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Continous Mode of Flyback SMPS

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It's quite simply down to the formula for an inductor: -

$$V = L\dfrac{di}{dt}$$

When the fly-back transformer's primary is being "charged" with energy, a DC voltage is switched in parallel and this gives rise to a ramping current. In the 2nd half of the process, the energy is released and the current ramps back towards zero and, the rate of change of this current (\$\dfrac{di}{dt}\$) IS the output voltage produced divided by the turns ratio: -

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The above is for a DCM fly-back circuit but the same is true of CCM. There are some worked examples on this page.

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  • \$\begingroup\$ OK i got it. One more thing that during the transistor off time why does current in primary side is zero.Shouldn't be there linearly decreasing current because inductor opposes sudden changes?(shown in image attached with question) \$\endgroup\$ – Electro_learner Apr 18 at 13:38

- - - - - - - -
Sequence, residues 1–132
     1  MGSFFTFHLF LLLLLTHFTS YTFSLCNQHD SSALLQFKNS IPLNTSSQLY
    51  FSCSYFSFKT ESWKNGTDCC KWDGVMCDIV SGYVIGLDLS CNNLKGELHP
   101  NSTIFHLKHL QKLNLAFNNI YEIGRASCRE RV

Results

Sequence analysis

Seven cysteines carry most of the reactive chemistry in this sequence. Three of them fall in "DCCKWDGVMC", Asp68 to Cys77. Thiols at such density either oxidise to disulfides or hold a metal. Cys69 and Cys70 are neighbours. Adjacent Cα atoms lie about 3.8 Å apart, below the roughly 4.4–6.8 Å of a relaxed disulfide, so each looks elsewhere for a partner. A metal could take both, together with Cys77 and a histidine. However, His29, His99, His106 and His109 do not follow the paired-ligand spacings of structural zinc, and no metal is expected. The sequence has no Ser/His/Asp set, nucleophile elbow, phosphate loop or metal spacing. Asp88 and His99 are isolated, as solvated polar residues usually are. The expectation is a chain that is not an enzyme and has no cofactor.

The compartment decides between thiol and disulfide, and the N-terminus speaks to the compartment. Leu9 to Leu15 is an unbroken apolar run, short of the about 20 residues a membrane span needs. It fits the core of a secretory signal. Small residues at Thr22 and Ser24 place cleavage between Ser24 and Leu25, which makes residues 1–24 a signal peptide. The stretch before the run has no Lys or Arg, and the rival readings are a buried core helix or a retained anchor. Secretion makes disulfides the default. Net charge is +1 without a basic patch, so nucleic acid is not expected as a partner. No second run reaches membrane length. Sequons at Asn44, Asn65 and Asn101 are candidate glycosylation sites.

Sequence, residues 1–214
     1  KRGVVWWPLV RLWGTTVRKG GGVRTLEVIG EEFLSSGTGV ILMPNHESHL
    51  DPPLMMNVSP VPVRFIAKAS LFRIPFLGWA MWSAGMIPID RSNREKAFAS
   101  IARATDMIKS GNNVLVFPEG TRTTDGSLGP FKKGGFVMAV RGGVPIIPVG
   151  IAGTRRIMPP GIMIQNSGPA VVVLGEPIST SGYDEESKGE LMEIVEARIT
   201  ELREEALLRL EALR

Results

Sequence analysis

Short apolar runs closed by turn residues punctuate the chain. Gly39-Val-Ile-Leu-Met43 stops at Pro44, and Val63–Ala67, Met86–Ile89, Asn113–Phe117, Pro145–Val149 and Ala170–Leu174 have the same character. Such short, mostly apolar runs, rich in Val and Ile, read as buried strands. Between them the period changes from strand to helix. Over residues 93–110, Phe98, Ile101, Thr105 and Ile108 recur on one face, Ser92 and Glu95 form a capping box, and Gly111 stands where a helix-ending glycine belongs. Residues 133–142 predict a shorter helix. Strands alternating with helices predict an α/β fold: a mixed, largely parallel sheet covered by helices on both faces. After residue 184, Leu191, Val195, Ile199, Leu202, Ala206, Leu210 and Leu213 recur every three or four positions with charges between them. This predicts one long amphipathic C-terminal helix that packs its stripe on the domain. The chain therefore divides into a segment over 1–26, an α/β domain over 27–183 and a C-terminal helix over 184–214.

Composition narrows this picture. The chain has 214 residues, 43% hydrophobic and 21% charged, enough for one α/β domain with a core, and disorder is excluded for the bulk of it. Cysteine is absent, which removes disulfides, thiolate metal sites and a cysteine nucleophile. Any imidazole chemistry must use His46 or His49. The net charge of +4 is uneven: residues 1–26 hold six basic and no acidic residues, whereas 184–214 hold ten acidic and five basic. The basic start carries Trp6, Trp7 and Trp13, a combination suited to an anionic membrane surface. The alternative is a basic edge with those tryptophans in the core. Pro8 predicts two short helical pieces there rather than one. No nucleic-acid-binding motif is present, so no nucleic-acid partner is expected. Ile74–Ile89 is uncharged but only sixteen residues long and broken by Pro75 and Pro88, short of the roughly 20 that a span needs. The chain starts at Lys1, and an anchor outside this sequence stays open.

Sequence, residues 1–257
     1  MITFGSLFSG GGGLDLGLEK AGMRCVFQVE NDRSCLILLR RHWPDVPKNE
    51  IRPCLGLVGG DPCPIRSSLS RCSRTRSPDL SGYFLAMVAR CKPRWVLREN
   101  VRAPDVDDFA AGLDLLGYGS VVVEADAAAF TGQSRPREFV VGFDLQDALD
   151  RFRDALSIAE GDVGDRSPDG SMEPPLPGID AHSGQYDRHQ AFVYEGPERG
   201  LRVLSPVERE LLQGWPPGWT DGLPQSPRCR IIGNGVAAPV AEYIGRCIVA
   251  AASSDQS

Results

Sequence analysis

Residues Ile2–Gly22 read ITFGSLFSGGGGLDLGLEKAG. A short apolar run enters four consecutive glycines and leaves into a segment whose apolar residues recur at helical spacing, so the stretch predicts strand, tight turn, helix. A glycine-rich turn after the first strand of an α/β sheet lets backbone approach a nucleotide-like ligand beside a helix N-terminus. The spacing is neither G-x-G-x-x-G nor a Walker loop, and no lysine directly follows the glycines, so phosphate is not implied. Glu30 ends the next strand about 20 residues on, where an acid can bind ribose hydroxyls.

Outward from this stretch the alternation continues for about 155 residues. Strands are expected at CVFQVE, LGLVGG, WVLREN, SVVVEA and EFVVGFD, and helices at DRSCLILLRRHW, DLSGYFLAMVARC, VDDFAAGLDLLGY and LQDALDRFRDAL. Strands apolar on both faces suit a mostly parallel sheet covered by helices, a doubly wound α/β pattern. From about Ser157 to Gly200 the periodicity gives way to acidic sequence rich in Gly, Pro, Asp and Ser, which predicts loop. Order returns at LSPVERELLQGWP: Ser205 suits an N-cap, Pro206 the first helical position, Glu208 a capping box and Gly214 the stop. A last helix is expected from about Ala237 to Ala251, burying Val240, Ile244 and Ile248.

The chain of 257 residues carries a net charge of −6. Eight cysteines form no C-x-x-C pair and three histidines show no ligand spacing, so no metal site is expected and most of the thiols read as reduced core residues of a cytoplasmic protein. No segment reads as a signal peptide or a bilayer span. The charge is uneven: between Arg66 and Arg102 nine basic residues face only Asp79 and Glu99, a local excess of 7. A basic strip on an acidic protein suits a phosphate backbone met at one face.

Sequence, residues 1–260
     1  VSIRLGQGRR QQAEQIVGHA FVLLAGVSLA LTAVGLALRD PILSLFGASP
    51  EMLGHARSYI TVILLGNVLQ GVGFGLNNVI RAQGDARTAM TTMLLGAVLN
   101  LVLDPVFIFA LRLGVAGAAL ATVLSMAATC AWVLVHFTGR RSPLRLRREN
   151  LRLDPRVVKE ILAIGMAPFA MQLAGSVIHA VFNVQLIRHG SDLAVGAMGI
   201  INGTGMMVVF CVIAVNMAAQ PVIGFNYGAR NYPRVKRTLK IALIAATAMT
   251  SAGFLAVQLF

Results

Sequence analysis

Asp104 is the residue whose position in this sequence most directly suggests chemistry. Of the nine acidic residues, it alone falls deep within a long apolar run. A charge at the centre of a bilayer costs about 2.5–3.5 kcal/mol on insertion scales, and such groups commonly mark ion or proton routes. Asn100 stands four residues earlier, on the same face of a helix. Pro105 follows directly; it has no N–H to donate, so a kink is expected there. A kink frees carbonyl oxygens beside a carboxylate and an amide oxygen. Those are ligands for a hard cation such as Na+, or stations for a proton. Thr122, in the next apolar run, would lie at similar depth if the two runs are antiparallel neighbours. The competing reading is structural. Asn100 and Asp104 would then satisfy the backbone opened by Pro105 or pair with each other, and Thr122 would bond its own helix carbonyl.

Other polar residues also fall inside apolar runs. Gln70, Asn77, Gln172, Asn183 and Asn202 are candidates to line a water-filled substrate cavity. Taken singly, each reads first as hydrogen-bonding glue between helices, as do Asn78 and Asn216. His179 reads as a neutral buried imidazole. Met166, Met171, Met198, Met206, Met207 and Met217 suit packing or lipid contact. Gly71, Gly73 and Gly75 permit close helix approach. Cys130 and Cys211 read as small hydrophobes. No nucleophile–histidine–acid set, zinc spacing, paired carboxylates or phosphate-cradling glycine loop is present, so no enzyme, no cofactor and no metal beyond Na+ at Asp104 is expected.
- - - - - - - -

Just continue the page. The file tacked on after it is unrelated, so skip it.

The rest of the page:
• \$\begingroup\$ Simple version: The primary and secondary inductors are coupled so either can be used to "discharge" the magnetic field. Longer version: primary and secondary are never 100% coupled so there will always be a bit of primary current that needs to be got rid of (using a snubber for instance). \$\endgroup\$ – Andy aka Apr 18 at 14:18
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Voltage does not stay constant. There will be ripple voltage that depends on the output capacitor ESR and capacitance.

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